In high school chemistry class you learn about different elements. In your studies, you learn how elements have various charge levels and how electrons and protons jump from one element to another when they are in proximity to each other.
Most people never truly recognize what this means in real life; however, an example of something they might be familiar with is rust. Oxygen reacts with iron and its alloys in the presence of water and other pollutants in the air. The result is rust—a red substance that ends up causing the eventual decay of the iron. While this is an example of oxidation, this reaction is similar in nature to galvanic corrosion.
Galvanic corrosion is the corrosive effect of two metals instead of a metal and oxygen. In marine applications, a sacrificial metal such as zinc is used as an anode to protect other, more critical metals (cathode) such as iron or steel from corroding. The zinc corrodes much faster because of the voltage generated by the dissimilar metal effect (see Anodic index chart). The greater the voltage difference between two metals, the higher potential for corrosion between these two metals.
Now flash forward to your broadband network. Various metals come in contact throughout your network, but one of the most critical areas that youdo not want to corrode is at your bonding point. The National Fire Protection Agency Association requires that your broadband network be properly grounded to prevent voltage spikes, fires and other property damage. Broadband system operators have standardized on annealed solid copper or copper clad steel products for the bond wire; however, commonly overlooked is the actual bonding apparatus.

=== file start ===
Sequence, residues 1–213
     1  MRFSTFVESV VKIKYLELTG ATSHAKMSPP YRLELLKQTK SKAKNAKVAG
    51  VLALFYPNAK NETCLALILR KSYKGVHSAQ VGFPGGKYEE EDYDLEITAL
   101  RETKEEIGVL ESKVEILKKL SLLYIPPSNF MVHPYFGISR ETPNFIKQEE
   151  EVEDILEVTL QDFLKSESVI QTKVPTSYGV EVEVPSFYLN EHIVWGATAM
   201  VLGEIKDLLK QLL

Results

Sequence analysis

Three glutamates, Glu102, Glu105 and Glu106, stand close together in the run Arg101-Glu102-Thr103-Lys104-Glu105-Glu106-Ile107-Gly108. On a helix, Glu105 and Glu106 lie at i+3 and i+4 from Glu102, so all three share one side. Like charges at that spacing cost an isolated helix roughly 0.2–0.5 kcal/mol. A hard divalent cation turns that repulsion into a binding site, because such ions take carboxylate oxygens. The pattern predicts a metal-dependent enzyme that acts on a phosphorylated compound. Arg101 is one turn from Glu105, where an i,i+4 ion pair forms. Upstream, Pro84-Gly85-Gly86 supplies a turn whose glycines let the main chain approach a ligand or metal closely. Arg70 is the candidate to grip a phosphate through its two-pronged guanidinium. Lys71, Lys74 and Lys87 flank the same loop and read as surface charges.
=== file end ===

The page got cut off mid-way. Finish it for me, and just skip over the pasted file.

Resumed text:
Many bonding product suppliers promote Ground Block products that use various metals, such as zinc, aluminum or stainless steel; however, the basic material in the network is copper. The F-Connector used in the cable TV space has primarily been standardized on brass (its primary element is copper) and the bond wire is copper or copper clad steel. So the obvious question is if galvanic compatibility or dissimilar metals cause corrosion and potential signal integrity issues, why wouldn’t you protect the integrity of your subscriber using a copper-based bonding apparatus?
provides a copper-based solution with its solid brass line of Ground Blocks. These products were developed specifically with your broadband network in mind, providing the ultimate corrosion resistance and leading lightning suppression capability.
Why chance your network’s integrity with bonding blocks made from other metals or even multiple metals when you can make a clear informed decision and standardize on a true solid brass design?
Doesn’t your network deserve it?